Abstract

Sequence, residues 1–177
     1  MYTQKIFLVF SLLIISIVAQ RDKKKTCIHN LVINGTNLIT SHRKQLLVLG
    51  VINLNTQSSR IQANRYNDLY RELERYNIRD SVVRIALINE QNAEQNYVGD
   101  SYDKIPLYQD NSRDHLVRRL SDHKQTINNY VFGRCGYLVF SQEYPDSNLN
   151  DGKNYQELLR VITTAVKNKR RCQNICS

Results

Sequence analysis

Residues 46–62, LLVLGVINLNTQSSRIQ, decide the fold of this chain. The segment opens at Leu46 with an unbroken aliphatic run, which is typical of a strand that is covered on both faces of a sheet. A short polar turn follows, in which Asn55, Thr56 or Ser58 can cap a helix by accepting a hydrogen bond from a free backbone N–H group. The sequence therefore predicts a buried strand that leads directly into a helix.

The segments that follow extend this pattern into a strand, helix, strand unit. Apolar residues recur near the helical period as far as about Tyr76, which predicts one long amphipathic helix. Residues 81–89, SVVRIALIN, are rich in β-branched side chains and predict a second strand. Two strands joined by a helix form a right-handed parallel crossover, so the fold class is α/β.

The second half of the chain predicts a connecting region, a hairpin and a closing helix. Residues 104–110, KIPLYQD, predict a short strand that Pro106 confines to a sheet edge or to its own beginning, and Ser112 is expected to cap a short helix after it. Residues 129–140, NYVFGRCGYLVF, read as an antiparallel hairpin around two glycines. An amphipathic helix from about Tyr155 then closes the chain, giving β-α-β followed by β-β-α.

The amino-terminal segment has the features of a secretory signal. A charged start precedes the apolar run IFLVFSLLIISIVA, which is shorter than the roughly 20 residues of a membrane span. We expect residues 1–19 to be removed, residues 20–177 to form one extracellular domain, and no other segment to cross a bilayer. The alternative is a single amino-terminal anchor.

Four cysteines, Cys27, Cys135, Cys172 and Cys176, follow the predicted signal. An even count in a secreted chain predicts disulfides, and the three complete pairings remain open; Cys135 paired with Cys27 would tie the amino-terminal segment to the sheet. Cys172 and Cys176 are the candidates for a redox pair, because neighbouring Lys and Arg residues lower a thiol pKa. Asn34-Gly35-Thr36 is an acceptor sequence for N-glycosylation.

The effect of water repellence and antecedent soil moisture on wetting front stability and infiltration rate are reported for a seasonally water repellent topsoil. The effect of water repellence on infiltration was determined by comparing the in situ infiltration of water to that of a 7M ethanol solution. Wetting front stability was measured during infiltration of water into repacked, wettable and water repellent soils, within a Hele-Shaw chamber. Water repellence restricted in situ movement of water through large macropores (>500 μm), which decreased intrinsic permeability by 1 to 2 orders of magnitude. In repacked soils, water repellence caused the development of unstable wetting fronts and reduced infiltration from 240 mm h1 to 101.7 mm h1. Infiltration into wettable soils at moisture contents near field capacity was expected to result in rapid infiltration and stable wetting fronts. However in repacked soils, wetting front instability developed, and infiltration rates were 190% lower when air and/or water movement through the base of the chamber was restricted. Infiltration into in situ soil was also slower at high antecedent soil moisture. The hydraulic conductivity of the 7M ethanol solution decreased significantly from 112.3 mm h1 in dry water repellent conditions, to 35.6 mm h1 in wettable soils at high antecedent moisture contents. Consequently the previously reported development of wetting front instability and reduced infiltration into in situ wettable soils at high moisture contents were confirmed and attributed to difficulty displacing existing soil water during infiltration of new water.

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